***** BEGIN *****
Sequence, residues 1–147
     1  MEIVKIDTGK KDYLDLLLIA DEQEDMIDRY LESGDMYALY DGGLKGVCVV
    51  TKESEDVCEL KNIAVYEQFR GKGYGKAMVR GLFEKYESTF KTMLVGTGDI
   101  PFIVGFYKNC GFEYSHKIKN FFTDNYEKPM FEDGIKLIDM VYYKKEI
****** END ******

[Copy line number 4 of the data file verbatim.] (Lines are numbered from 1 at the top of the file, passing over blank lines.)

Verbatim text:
   101  PFIVGFYKNC GFEYSHKIKN FFTDNYEKPM FEDGIKLIDM VYYKKEI